Fringe Box



Letter: Wimpey’s ‘Phase 2 Discussion’ Was Merely a PR Tick-box Reality

Published on: 13 Nov, 2020
Updated on: 13 Nov, 2020

From: David Roberts

In response to: Local Doubt Over Taylor Wimpey’s Second Public Consultation on Former Wisley Airfield

I attended the last Taylor Wimpey Zoom meeting and Tony Edwards is right. Here’s what I wrote to Antonis Pazourou afterwards: “Thank you for inviting me to your ‘neighbourhood discussion group’ meeting on October 22. I thought you might like to have my feedback.

“First, I was surprised you did not circulate a meeting agenda in advance, with a list of those invited and those who agreed to attend. This is normal practice and only good manners.

“I was also disappointed to be able to see only you and Camille Soor, rather than all participants, and for there to be no oral, but only written questions possible.

“As a result, I found the meeting to be simply a one-way presentation that did not live up to its billing as a ‘discussion group’.

“Second, I found it woefully thin on substance. No-one, at this stage, expects detailed answers. But I was dismayed to get no new information at all about your plans, or even any assurance as to how you hope to overcome the glaring practical difficulties of the project.

“Either those difficulties have already overwhelmed you, or you just weren’t trying to communicate.

“Most of the questions related to the site’s absence of any existing infrastructure. Clearly, you have already thought hard about how to address this or you wouldn’t have bought the site in the first place.

“That you don’t have ready-made answers and cannot disclose details so early in the process is perfectly understandable.

“Yet all we learned at the meeting was that these issues were still being looked at and ideas might be shared with us in the ‘first or second quarters of next year’.

“I don’t accept that basic transparency depends on having a fully worked-up transport model and infrastructure delivery plan already in place as a fait accompli. Given a take-it-or-leave-it choice, the public will choose to leave it.

“On transport, your ideas about ‘sustainable transport’ and ‘behavioural change’ seemed to boil down to getting people on bikes. I wish you and your ‘behavioural consultant’ luck with that.

“When I asked about “sustainable off-carriageway [cycle] routes’ Camille appeared embarrassed and asked where I’d seen this mentioned, as if it were a new idea.

“Yet there it is in black and white in your Q&A document of July 24, and in an email exchange with Katy Bennett the day before the meeting. I can only conclude that this idea has quietly been dropped as wishful thinking.

“Since there are no minutes of this meeting on your website I have taken the step of posting my own short record on local social media.

“This has drawn sceptical comments about your commitment to public cooperation and transparency, as prominently displayed on the front page of

“To sum up, I was left wondering why the meeting was held except as a PR tick-box formality. Since it failed to get beyond the generalities in your first newsletter in June, your talk of going into ‘Phase 3’ of public consultation next year sounded detached from reality.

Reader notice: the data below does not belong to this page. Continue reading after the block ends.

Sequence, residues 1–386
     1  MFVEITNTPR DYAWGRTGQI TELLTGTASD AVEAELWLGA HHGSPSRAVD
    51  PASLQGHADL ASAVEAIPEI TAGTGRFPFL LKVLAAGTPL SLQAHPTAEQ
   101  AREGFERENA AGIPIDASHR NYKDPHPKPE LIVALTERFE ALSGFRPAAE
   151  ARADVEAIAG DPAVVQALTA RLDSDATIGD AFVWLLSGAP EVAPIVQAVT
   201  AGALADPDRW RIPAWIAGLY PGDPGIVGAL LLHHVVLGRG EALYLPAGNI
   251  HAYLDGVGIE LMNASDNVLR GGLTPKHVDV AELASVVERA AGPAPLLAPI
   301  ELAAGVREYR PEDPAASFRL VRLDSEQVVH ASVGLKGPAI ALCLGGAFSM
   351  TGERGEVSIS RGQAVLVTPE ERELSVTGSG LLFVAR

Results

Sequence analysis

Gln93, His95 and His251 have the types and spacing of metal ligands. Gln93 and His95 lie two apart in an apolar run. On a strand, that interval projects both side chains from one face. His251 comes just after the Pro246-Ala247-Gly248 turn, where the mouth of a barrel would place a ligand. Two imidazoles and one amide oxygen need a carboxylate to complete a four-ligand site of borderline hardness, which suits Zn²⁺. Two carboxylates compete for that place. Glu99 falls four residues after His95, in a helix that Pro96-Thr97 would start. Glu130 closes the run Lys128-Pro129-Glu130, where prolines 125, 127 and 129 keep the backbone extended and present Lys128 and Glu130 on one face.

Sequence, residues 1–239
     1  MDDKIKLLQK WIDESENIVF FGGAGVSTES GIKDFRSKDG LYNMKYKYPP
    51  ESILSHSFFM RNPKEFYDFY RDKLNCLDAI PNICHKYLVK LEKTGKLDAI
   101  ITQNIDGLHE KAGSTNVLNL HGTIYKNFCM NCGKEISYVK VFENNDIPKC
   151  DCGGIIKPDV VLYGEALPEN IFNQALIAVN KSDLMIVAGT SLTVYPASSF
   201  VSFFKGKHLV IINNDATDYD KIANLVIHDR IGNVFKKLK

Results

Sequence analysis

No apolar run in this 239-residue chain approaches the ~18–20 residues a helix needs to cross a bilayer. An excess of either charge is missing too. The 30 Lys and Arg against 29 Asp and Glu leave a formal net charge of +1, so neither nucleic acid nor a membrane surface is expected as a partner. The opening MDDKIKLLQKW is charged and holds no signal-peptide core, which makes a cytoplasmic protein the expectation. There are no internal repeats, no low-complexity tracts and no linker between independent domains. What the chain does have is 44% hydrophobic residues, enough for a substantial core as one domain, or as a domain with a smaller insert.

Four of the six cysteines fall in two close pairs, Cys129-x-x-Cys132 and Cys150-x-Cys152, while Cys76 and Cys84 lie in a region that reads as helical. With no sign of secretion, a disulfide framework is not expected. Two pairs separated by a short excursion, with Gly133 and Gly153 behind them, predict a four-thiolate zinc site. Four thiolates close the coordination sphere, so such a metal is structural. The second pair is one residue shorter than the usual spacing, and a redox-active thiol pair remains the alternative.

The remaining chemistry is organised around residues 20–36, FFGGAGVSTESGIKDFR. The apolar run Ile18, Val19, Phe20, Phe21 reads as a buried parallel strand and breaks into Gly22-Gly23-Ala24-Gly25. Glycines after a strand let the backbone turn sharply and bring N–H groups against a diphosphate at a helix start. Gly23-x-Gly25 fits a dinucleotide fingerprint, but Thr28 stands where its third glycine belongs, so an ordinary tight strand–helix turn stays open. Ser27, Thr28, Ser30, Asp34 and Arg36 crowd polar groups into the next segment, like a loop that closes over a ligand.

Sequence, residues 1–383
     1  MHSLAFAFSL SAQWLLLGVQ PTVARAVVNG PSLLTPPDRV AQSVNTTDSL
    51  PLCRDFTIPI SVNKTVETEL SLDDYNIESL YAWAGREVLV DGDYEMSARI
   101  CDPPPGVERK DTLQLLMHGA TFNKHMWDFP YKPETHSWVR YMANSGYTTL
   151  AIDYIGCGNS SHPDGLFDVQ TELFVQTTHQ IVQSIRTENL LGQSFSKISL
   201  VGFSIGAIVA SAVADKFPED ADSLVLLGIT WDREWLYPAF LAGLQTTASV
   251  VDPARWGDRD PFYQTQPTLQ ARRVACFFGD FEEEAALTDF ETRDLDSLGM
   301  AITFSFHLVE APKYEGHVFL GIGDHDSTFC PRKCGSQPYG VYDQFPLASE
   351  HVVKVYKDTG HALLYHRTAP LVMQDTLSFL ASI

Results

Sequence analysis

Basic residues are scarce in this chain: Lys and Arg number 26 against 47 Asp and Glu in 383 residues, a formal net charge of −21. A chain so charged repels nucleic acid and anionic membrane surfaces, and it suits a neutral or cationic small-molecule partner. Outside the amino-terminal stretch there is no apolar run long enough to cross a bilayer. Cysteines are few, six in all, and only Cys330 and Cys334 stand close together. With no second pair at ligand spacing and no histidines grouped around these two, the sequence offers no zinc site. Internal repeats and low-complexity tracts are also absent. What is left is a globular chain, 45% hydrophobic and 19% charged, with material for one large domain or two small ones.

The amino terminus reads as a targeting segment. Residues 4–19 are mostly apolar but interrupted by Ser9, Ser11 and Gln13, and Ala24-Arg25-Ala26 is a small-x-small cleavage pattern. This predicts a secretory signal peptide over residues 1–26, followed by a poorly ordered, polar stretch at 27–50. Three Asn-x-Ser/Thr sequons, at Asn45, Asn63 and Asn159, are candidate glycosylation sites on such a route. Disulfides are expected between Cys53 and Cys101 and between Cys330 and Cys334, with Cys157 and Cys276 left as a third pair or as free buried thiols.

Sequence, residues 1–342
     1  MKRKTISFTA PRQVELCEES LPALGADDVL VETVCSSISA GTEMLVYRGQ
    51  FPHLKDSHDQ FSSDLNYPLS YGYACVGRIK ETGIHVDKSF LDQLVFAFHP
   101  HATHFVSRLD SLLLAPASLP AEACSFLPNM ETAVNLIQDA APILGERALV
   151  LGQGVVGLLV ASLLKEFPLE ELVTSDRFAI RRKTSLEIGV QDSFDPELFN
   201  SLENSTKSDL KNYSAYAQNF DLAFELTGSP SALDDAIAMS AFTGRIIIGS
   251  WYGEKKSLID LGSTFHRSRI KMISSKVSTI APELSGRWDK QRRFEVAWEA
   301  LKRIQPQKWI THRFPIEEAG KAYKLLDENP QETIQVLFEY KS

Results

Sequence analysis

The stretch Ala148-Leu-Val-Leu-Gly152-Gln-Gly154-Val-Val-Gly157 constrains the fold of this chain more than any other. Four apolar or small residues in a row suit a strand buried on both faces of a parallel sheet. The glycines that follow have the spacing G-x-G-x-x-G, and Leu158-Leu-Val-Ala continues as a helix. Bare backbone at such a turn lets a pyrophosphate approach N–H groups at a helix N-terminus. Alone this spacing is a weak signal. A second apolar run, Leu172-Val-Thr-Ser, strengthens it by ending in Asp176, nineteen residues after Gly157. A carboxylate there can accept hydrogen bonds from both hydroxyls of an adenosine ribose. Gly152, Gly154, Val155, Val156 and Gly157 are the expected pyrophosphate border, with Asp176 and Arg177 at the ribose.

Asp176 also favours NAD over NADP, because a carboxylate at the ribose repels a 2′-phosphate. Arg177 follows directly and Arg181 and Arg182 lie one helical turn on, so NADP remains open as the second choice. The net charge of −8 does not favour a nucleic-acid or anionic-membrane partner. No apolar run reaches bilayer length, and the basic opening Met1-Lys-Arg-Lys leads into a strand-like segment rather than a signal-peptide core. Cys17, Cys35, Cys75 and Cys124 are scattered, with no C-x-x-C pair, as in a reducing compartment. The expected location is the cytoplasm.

“Presumably, your standard template says there must always be three phases, real or not. From a personal point of view, I don’t mind having wasted an evening. For you, it was a missed opportunity to display a less secretive manner and head off avoidable public opposition.

“If you find it so hard to articulate, even in the broadest or most provisional of terms, how the surrounding community will benefit from this project, it is never going to achieve the minimum level of public acquiescence it needs to get off the ground.”

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Responses to Letter: Wimpey’s ‘Phase 2 Discussion’ Was Merely a PR Tick-box Reality

  1. Jules Cranwell Reply

    November 14, 2020 at 9:26 am

    It is clear that Taylor Wimpey has taken no notice of the many, well-articulated, objections to their scheme, and does not have a clue about the required infrastructure. They should abandon this sorry business now, and save themselves further embarrassment.

    If they really want to know what residents think, they should read the comments on Nextdoor. Totally the opposite of the propaganda they are putting out.

  2. Ben Paton Reply

    November 14, 2020 at 11:48 am

    Ouch. So it was a bit like attending a National Congress of the Chinese Communist Party. Only ‘on-message’ questions allowed.

    Why do developers pretend that local people have a vote in how they develop a site when there’s only one candidate in the election and the winner is predetermined?

    The site is one of the most constrained in the whole of England. There’s only one option on the menu: cram 2,000 houses onto about 60 hectares.

    Why pretend that there are alternatives when none are available?

    You can get everyone to take it seriously once; you can distract a lot of people twice. But after three and more times no one is fooled.

    There are have been three public inquiries about this site since 1979, many planning applications, and plenty of “consultations”.

    Watching yet another developer dress up the white elephant and make it dance to the band lost its fascination years ago.

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